Sep 26, 2014

Trusts; Conflict of Interest; Prudent investor standard

Miles v. Vince, 2014 BCCA 289 (CanLII)

Trustees have obligations of prudence to protect not just the corpus of the trust, but also the interest of the beneficiaries from the ongoing operation of the plan

BACKGROUND: The Appellant, Cynthia Miles, and her children are the beneficiaries of a trust settled by her deceased husband with insurance proceeds on his life. The Respondent, Marilynne Vince, was the sister of the deceased and the trustee of both this "Insurance Trust" and a trust the settlor had established for his children with properties he intended to develop into a multi-use development including social housing. The court referred to this trust as the “Family Trust”. Both trusts are discretionary trusts, and grant broad powers to the trustee to invest the property and make distributions of income and capital to the beneficiaries. The Appellant and the children are entitled to receive income and encroachments of capital from the Insurance Trust at the trustee's discretion. The Respondent took the position that the deceased had told her his vision was to develop the properties that were the subjects of the Family Trust, so she took steps to determine the most effective way to maximize the highest and best use of the properties. In her capacity as trustee, the Respondent loaned the assets of the Insurance Trust to the Family Trust to be used for the purposes of the development of the properties, secured in part by a second mortgage on the properties. The loan was subject to a priority agreement which restricted enforcement of the second mortgage and gave an option to purchase the secured properties to BC Housing, which would require the Insurance Trust to discharge the mortgage for no payment or consideration. The Family Trust loaned the entirety of the amount of the loan to the William Vince Non-Profit Housing Society. The loan agreement was amended several times, increasing the principal amount of the loan. No principal or interest was paid on the loan from the time it was made in December 2009, and no demand for payment was made, although the loan became due and payable December 31, 2012. The Appellant applied for an order removing and replacing the Respondent as trustee of the Insurance Trust. She claimed the Respondent breached her duties as trustee to prudently invest the trust assets and was in a conflict of interest as trustee of both trusts. The Respondent took the position that she was following the deceased's intentions. The chambers judge noted the highly discretionary nature of the Insurance Trust and concluded that investing in social housing was not inconsistent with the settlor's intentions as set out in the trust instrument. The Appellant argued that the priority agreement made the second mortgage security on the loan useless, and amounted to an imprudent investment. The chambers judge found this highly speculative and unlikely to come to pass. He also concluded that the loan was not in default.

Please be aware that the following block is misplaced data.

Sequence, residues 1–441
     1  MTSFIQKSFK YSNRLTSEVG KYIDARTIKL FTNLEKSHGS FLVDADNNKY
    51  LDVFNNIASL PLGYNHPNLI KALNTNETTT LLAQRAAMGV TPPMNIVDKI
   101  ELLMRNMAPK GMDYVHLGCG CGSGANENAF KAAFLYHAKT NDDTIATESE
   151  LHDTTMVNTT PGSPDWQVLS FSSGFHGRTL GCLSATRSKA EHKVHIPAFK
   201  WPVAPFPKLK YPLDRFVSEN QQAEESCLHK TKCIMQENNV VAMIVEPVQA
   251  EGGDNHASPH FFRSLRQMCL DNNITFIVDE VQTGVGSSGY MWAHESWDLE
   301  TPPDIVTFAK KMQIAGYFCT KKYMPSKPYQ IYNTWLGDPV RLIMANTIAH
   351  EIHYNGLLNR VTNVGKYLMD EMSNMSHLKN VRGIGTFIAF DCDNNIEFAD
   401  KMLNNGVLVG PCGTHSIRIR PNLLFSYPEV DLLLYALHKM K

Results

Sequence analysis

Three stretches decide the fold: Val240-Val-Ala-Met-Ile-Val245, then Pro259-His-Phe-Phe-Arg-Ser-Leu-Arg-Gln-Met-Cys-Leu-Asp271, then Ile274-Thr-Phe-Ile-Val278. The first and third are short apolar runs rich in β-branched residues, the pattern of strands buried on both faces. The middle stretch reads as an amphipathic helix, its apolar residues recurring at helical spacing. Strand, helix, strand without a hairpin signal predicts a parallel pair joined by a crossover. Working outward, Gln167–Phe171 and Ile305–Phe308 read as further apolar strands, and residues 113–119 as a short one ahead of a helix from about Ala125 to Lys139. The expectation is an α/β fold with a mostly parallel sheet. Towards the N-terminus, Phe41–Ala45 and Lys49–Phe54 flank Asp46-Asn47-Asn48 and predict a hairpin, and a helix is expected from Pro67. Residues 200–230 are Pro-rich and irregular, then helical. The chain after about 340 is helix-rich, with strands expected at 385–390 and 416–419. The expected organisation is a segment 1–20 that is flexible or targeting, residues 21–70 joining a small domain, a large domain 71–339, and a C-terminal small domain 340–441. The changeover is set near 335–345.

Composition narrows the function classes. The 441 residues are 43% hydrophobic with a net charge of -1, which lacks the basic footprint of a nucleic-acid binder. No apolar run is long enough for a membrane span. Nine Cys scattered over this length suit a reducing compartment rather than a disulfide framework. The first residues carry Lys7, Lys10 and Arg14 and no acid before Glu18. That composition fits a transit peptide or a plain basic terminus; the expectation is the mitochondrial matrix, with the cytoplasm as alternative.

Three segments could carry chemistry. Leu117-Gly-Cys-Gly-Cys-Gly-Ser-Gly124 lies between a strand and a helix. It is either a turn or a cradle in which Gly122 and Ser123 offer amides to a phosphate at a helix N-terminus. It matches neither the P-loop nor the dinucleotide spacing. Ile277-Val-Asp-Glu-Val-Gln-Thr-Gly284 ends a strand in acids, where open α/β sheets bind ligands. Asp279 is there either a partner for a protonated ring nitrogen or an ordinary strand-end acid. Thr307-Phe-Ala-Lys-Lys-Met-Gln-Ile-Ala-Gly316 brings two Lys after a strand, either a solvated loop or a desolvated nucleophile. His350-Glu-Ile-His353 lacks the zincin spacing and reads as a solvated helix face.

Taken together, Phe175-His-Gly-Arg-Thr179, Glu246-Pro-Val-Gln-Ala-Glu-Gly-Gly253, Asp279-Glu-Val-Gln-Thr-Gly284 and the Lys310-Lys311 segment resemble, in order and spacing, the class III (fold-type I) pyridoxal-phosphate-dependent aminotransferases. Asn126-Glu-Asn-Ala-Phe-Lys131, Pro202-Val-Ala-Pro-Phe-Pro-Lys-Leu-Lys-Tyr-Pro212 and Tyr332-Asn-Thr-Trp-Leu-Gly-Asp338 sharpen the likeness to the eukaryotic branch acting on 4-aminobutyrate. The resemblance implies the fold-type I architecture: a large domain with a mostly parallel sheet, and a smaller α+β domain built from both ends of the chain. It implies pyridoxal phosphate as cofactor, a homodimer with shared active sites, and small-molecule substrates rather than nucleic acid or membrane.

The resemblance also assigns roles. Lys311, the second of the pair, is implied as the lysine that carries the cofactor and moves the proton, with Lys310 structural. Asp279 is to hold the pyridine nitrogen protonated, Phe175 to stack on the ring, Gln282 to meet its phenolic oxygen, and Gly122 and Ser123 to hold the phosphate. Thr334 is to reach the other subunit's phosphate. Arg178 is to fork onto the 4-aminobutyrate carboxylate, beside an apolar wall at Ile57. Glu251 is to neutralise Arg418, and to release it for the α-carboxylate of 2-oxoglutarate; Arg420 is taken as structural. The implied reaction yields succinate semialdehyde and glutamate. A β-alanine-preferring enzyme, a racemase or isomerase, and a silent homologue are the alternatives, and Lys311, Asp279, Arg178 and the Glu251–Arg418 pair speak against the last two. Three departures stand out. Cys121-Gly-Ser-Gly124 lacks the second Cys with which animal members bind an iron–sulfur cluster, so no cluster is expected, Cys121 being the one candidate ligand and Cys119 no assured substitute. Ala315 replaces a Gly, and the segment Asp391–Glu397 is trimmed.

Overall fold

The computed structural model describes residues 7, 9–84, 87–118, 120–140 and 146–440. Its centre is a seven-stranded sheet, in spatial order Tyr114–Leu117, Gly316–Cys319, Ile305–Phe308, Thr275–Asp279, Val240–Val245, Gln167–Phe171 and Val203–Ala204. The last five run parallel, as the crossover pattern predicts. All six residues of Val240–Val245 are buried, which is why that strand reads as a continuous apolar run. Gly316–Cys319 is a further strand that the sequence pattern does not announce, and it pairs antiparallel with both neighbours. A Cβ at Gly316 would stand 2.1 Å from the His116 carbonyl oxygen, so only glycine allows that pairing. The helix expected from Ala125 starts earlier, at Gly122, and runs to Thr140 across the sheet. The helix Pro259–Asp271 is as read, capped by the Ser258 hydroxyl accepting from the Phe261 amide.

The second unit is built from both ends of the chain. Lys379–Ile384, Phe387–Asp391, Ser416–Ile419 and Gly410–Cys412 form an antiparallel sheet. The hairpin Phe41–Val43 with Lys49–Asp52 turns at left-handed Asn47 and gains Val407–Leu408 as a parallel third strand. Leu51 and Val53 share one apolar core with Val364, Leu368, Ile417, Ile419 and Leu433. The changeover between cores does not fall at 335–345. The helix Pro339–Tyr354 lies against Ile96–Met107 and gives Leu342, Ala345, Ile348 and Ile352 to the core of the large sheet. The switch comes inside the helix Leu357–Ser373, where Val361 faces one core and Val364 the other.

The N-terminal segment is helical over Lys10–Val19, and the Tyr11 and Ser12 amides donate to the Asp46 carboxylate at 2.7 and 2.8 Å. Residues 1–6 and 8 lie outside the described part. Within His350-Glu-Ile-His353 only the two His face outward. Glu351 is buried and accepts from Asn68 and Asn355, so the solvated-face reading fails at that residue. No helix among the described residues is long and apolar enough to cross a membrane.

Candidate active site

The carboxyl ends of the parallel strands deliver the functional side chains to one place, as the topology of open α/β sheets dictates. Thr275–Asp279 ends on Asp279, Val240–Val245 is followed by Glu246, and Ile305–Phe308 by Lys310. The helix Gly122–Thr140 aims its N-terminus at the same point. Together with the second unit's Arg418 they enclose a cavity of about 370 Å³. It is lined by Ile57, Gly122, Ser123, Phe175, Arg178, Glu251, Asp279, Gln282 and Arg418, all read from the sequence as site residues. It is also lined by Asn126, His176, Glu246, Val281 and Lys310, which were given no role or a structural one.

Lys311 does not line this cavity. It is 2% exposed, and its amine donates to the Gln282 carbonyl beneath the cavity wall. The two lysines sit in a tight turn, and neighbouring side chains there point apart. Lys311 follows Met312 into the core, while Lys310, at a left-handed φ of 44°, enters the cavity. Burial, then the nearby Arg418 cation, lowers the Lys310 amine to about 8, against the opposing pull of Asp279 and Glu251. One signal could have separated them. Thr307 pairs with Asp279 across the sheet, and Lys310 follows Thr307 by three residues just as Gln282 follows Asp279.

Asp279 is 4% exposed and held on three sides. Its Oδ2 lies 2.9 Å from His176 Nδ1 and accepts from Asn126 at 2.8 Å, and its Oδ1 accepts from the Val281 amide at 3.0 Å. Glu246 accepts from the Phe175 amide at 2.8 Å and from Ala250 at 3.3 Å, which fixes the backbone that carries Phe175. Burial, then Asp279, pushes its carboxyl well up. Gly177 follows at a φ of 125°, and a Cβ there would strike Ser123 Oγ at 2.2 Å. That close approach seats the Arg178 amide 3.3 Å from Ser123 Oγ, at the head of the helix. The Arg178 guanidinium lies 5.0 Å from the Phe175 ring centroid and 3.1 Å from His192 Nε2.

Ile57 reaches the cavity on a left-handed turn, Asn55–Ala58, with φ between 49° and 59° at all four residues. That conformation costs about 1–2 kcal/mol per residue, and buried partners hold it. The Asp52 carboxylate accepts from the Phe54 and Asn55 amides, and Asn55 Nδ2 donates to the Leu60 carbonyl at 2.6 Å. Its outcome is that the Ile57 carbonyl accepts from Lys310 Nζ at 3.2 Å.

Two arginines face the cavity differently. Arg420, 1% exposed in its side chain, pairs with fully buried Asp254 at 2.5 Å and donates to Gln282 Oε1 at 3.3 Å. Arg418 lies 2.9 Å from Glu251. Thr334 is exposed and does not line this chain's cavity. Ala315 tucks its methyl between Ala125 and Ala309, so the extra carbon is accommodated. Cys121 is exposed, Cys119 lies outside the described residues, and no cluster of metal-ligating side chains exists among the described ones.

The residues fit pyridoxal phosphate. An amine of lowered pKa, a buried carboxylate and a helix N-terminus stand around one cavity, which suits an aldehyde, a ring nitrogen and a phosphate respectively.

APPELLATE DECISION: The appeal was allowed. The Appellant argued that the chambers judge misapprehended the evidence when he found the loan was not in default, and that this mistake led him to conclude the loan was a prudent investment. She also claimed the Respondent failed to consider the best interests of the beneficiaries of the Insurance Trust. The Respondent took the position that she was acting prudently and in accordance with the settlor's intentions. She also denied being in a conflict of interest or being other than even-handed among the beneficiaries of the two trusts. Her goal was to benefit the capital beneficiaries of both trusts (the children) by maximizing the capital growth of the trust assets. The Court of Appeal considered the prudent investor standard, and referred to the Court's earlier decision in Froese v. Montreal Trust Co. of Canada. In Froese, the Court applied the Supreme Court of Canada's decision in Fales v. Canada Permanent Trust Co., which stated that "however wide the discretionary powers contained in the will, a trustee's primary duty is preservation of the trust assets". The majority in Froese stated that "true trustees have obligations of prudence to protect not just the corpus of the trust, but also the interest of the beneficiaries from the ongoing operation of the plan." The Court in this case cited Waters on Trusts for the principle that diversification is implicit in the prudent investor standard, based on modern portfolio theory. The Court found that the Respondent did not meet her statutory obligations to act as a prudent investor with respect to the assets of the Insurance Trust. She was required to consider the interests of all of the beneficiaries, including the Appellant's interest. In the Court's view, the chambers judge erred by conflating the settlor's intention with respect to the Family Trust with that of the Insurance Trust. The loan was clearly in default, and the priority agreement made it so that if BC Housing exercised its option to purchase, the loan would have no value. The Respondent also breached her duty of impartiality between the capital and income beneficiaries of the Insurance Trust. The Court removed the Respondent as trustee and replaced her with another trustee.